The government could cave in and extend the exemption already allotted to the church to its satellite industries. This will infuriate the progressives, as it will be creating the large second-class group of citizens mentioned above.

The church could close all of its affected holdings. This action is drastic, as it would leave millions without part of their support system.

The Catholic Church could cave and agree to the provisions of the mandate. That isn’t likely, as it would draw the ire of hard line believers. The normally calm Rick Santorum, a Republican candidate for president, was openly angry when denouncing the mandate in speeches during his stumping for the nomination. There are many more like him.

There doesn’t seem to be any half and half compromise here.

There is, however, one solution staring us directly in the face. This one isn’t going to make everyone happy either, but it completely solves the problem at hand and many more health care problems plaguing our current program.

That solution is a universal, government controlled, single payer health care system–Medicare for all. Problem solved. Next question please.

 

Commentary
  • Posted Date: 02/13/2012
    I have been a Catholic for 65 years and the church refuses to listen to its followers. It is run by a bunch of old guys who live together in their own world. Take for example, its refusal to allow women to be priests even though there is a critical shortage. But finally the bigger problem is mixing church and state. For example these Republican candidates running a circus about social issues and not dire issues like jobs and the economy. The government, namely hypocritical Republicans, need to stop worrying about birth control, abortion, smoking, etc and get busy handling real problems, like war, poverty, jobs.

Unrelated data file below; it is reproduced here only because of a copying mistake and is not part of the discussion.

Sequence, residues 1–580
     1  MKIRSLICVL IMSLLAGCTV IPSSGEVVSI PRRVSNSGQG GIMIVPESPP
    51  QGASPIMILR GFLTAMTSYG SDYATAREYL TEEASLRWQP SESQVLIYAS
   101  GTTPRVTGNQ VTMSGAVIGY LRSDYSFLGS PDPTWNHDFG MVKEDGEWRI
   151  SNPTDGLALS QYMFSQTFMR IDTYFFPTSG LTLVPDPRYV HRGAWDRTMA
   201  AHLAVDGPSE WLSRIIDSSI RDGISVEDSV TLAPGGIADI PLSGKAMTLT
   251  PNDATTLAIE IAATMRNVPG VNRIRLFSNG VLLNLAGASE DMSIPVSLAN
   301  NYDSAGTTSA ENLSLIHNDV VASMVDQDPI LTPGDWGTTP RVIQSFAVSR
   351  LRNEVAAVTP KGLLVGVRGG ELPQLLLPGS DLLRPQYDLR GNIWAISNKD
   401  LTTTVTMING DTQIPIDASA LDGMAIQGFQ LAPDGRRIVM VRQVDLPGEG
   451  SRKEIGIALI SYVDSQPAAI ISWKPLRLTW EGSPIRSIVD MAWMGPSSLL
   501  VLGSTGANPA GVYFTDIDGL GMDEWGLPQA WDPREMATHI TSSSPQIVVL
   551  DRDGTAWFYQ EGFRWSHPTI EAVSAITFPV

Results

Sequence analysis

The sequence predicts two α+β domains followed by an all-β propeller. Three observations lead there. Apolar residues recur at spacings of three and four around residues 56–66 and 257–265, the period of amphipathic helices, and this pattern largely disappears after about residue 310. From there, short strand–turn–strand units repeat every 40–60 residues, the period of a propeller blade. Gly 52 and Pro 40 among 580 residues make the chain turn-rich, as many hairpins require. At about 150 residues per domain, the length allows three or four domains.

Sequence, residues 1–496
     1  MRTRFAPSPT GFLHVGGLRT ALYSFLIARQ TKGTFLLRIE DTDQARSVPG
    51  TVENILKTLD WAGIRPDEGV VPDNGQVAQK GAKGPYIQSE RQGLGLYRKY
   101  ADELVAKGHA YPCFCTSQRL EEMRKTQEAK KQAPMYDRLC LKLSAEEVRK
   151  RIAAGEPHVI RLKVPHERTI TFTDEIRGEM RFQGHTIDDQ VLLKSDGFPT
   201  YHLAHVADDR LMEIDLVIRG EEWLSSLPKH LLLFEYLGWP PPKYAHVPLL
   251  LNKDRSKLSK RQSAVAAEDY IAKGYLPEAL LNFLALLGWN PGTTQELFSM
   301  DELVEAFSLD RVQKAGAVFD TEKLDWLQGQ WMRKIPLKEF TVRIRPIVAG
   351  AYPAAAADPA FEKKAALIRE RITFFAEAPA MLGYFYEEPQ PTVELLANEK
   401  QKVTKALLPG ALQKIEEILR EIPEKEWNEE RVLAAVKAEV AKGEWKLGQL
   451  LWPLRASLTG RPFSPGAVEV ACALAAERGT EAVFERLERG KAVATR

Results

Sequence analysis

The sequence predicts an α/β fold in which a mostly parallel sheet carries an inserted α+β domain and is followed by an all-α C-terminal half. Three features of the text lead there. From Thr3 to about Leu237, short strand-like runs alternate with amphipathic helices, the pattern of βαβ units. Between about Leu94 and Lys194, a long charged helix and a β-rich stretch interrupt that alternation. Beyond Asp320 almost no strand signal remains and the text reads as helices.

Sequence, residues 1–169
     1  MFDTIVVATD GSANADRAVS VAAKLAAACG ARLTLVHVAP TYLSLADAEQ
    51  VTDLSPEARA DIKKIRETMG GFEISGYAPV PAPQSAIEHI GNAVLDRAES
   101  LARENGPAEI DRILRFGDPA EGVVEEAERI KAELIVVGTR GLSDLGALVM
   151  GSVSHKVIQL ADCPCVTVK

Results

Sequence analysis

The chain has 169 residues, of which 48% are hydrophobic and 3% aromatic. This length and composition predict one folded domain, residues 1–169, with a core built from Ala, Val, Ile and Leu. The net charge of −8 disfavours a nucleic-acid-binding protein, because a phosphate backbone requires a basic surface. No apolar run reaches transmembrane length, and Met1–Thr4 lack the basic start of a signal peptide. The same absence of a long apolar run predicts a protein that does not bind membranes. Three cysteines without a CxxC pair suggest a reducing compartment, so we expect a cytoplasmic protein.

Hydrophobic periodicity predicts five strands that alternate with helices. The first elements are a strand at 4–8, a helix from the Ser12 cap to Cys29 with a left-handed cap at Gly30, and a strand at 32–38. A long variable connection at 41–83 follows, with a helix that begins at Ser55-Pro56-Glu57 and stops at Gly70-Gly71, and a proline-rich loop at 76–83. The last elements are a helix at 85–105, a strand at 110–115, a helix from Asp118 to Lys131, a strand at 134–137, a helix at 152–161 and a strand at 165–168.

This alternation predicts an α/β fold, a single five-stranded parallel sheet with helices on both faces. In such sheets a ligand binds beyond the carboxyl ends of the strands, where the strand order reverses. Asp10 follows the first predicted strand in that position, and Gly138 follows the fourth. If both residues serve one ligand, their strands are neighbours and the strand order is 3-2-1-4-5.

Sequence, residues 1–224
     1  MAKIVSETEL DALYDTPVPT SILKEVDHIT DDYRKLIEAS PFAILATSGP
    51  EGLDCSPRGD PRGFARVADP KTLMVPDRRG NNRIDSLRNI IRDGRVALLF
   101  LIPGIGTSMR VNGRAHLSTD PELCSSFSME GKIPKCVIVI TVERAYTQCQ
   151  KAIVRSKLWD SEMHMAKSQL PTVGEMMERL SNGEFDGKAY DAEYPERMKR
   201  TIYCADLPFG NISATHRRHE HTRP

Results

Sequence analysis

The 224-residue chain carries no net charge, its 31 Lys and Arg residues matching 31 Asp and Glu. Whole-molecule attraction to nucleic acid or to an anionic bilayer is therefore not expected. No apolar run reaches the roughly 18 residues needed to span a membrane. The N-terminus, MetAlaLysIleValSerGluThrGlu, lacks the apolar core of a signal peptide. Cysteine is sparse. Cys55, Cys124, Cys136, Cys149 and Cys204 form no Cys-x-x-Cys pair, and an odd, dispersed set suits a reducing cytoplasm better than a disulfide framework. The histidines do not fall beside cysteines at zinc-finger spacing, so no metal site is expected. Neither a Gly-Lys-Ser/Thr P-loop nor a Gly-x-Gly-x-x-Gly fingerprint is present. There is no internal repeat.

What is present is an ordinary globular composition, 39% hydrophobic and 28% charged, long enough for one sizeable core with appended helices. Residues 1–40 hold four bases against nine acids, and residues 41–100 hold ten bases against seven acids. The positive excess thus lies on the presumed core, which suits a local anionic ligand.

By: Kenneth
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  • Posted Date: 02/13/2012
    When our presidential candidates can only talk about birth control and abortion while thousands are dying in unjust wars, people are losing their homes and jobs, we are just hypocrites is we call ourselves "religious."
    By: Larry
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  • Posted Date: 02/17/2012
    Thatís OK, Kenneth. President Obama will simply circumvent Congress and the Constitution while continuing to shamelessly point fingers and blame others. And, those 25+ job bills sitting in the Senate following Congressional approval will continue to sit along with an eternal, unapproved budget. I seem to recall that Dems had control of both Houses for the 1st 2 years of his term, so letís not forget that fact. Sadly, Republicans will continue to be blamed for doing nothing regarding job creation irrespective of reality. However, it is a false claim by uninformed liberals that has been proven false by Politifact, a liberal leaning, fact checking organization. Do your research if you dare.
    By: Reality